Pakistan today is so inhospitable to Americans that our state department discourages travel there, but things were very different in 1975. Our little group of teachers on a two-month educational tour led by Dr. James Sheaffer of Chadron State were treated like honored guests. The governors of three of the four provinces welcomed us to their marble mansion where uniformed servants served us tea from silver platters. We heard lectures from the top professors of the universities; local dignitaries gave us receptions and tours of their industry, like the glass factory in Hyderabad where the heat was so intense that we had to leave after only a few minutes. I especially remember the rug makers in Lahore—little boys as young as five who were considered to be lucky to learn a trade and earn a nickel a day rather than be beggars on the streets.
More revealing of the general attitude toward westerners was how we were treated in the bazaars. Although the women would move off to the side and watch us through the veils of their burkas, the boys and men followed us everywhere. They weren’t hostile, just curious, even though a gun belt and rifle might be slung across their chest. And rather than not wanted to be photographed as I’d heard, they seemed pleased to have their picture taken—though I always asked first to be sure. One time, however, a just a picture and a brief interaction weren’t enough. A man in the old bazaar of Rawalpindi was so excited to meet some Americans that he ran over to us like he’d discovered a treasure and wanted to take us home to show to his grandparents. So, the next day Mohammed Islam took us to their home where we found a courtyard crowded with not only his entire family but most of the neighborhood children as well. Nothing, however, equaled the enthusiasm of the local drug dealers in the smugglers’ market in Landi Kotal on Khyber Pass. As soon as we got off the bus, we were greeted by joyful shouts from the local drug dealers: “Ameri-kans . . .Ameri-kans! Hashish! Cocaine!” And although they didn’t make a sale this time, they too treat us well.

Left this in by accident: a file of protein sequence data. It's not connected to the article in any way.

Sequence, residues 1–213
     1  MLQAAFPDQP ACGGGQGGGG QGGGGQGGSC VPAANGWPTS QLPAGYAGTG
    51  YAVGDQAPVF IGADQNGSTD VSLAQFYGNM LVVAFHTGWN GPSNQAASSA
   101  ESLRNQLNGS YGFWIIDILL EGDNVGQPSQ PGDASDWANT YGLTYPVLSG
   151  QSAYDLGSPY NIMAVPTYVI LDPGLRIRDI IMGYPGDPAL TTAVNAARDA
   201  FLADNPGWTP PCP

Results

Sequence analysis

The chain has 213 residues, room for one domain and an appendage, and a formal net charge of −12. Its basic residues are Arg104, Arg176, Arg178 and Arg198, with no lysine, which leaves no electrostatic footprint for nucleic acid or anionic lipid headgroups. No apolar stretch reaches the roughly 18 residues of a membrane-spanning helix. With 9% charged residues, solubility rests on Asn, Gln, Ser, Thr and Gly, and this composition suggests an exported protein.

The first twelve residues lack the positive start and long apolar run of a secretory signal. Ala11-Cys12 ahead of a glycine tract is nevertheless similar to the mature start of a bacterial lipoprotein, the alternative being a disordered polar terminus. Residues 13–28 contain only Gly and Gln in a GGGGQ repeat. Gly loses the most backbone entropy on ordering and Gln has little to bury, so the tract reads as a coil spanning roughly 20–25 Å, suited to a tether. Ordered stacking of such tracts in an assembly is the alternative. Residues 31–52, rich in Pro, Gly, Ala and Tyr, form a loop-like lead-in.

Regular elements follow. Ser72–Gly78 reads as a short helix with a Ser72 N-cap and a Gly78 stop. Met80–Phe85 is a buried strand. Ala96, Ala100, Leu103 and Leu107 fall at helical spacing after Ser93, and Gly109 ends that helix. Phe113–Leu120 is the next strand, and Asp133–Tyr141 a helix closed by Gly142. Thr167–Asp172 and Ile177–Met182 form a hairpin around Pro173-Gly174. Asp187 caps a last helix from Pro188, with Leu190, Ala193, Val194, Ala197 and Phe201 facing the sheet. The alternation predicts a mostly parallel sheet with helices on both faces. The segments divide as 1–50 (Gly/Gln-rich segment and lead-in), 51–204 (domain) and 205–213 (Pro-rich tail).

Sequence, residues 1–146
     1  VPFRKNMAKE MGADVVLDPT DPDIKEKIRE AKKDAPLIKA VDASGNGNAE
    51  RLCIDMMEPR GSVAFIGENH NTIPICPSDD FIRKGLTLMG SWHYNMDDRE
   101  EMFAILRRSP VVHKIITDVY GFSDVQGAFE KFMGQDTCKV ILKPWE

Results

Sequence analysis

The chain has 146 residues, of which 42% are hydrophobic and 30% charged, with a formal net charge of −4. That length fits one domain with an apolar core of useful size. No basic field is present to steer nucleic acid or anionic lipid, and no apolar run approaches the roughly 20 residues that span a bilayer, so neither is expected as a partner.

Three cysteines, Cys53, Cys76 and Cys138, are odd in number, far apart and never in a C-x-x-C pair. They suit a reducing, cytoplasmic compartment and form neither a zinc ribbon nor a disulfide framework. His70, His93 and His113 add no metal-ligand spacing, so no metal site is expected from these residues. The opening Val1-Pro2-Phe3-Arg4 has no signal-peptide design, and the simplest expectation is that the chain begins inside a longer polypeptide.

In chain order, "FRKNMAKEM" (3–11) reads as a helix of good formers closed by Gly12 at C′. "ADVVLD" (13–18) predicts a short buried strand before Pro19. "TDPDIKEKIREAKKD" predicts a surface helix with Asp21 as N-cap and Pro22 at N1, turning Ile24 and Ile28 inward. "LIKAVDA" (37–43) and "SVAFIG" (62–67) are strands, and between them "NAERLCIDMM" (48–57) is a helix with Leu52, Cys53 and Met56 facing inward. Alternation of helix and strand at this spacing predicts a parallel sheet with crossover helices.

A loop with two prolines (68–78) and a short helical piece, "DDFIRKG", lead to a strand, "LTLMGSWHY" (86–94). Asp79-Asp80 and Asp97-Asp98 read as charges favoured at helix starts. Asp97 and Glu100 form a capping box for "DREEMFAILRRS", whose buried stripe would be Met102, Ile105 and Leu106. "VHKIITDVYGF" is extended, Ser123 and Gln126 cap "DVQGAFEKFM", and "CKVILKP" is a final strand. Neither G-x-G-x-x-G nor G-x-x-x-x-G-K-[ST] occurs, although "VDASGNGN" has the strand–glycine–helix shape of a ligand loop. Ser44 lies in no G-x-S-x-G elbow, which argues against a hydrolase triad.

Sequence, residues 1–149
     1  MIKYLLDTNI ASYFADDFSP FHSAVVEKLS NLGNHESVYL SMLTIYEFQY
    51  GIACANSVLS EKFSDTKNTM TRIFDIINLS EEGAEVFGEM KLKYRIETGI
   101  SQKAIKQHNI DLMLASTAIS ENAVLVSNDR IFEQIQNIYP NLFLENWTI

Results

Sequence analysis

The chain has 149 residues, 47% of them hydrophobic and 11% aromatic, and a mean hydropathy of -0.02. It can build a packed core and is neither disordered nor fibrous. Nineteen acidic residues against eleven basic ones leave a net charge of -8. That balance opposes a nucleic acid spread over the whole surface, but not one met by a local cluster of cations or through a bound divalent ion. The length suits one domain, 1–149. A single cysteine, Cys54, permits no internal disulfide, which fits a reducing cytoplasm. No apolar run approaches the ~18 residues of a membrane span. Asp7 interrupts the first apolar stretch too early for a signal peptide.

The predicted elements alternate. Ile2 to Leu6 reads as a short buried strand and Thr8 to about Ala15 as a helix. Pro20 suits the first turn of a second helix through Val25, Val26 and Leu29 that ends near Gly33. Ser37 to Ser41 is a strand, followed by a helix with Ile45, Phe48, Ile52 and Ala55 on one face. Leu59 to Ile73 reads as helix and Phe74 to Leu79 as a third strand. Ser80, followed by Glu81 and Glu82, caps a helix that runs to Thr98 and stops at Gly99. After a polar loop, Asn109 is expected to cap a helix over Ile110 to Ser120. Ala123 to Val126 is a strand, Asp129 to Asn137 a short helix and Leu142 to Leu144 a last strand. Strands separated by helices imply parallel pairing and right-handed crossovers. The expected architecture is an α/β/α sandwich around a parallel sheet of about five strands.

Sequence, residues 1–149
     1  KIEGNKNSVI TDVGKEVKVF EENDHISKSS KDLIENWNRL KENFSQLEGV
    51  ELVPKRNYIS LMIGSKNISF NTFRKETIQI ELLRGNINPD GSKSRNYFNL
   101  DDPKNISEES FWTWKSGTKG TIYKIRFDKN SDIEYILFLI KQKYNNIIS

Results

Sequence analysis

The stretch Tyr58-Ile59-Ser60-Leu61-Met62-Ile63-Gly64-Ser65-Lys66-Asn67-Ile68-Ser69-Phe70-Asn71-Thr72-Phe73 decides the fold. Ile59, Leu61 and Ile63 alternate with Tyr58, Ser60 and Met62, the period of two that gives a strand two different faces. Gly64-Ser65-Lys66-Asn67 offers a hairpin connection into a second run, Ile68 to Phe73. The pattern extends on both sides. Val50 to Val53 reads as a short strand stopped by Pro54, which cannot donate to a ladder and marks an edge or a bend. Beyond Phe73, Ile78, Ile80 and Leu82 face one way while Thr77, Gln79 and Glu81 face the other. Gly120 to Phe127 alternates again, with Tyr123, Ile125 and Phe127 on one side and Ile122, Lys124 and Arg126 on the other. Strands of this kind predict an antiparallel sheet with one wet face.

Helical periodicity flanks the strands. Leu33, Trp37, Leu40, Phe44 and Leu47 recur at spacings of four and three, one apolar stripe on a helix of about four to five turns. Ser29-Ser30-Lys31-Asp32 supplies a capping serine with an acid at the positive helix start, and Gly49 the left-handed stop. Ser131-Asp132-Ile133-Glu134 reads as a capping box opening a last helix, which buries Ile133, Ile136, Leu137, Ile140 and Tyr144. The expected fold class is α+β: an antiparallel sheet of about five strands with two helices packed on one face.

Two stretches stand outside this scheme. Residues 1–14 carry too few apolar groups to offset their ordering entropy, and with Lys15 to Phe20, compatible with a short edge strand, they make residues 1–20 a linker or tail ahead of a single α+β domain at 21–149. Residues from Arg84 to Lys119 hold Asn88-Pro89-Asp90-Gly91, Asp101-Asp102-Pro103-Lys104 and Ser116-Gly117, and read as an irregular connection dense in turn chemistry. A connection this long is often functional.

For me personally, more evidence of how we were regarded came when I got when I realized was alone, but then I thought, Oh, heck, nobody’s going to do anything to me with all these people around. So I took my time going back to hotel, watching the venders like the chapati makers and the paan man, and I returned with my camera the next morning—again by myself. But I certainly wasn’t alone. The usual curious crowd followed me from my first stop to my last as if I were a celebrity and actually made me feel even safer.
But of all our interactions and receptions, most memorable and now almost unbelievable, was in Darra, the village near the Khyber Pass that’s famous for its guns. We arrived late in the afternoon, after being warned by the Pakistani government to be out of there by nightfall or it couldn’t be responsible for our safety. First we just wandered about and watched as they made rifles from rebar and were about ready to depart when we were led into a mud-walled courtyard. The malik spoke no English, but he’d heard of our coming on his shortwave radio just a few hours earlier and had hastily organized a reception. We were told that blood revenge was part of the Pathan code of honor and that this kindly looking man had killed at least twelve men in order to qualify as the chief, but also important in the code is hospitality to guests. And tribesmen who would have robbed us and possibly killed us if we met on the road just a few hours later now served us tea and cookies. Today Darra is considered one of the most dangerous places on earth, as perhaps much of Pakistan now might be, but that’s not what we experienced there—I remember instead the open hearts of welcoming people.
Sandy (Sandra) Grubb Chapman – Fulbright to Pakistan 1975